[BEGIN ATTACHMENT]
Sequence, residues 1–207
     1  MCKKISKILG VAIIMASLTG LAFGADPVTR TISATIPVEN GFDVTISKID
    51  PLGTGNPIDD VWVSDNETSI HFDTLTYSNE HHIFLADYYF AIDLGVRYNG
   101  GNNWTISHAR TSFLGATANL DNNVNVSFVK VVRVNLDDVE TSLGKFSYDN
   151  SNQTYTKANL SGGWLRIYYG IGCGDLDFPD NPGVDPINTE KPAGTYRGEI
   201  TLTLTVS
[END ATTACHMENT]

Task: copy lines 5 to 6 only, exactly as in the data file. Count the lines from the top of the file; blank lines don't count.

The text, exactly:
   151  SNQTYTKANL SGGWLRIYYG IGCGDLDFPD NPGVDPINTE KPAGTYRGEI
   201  TLTLTVS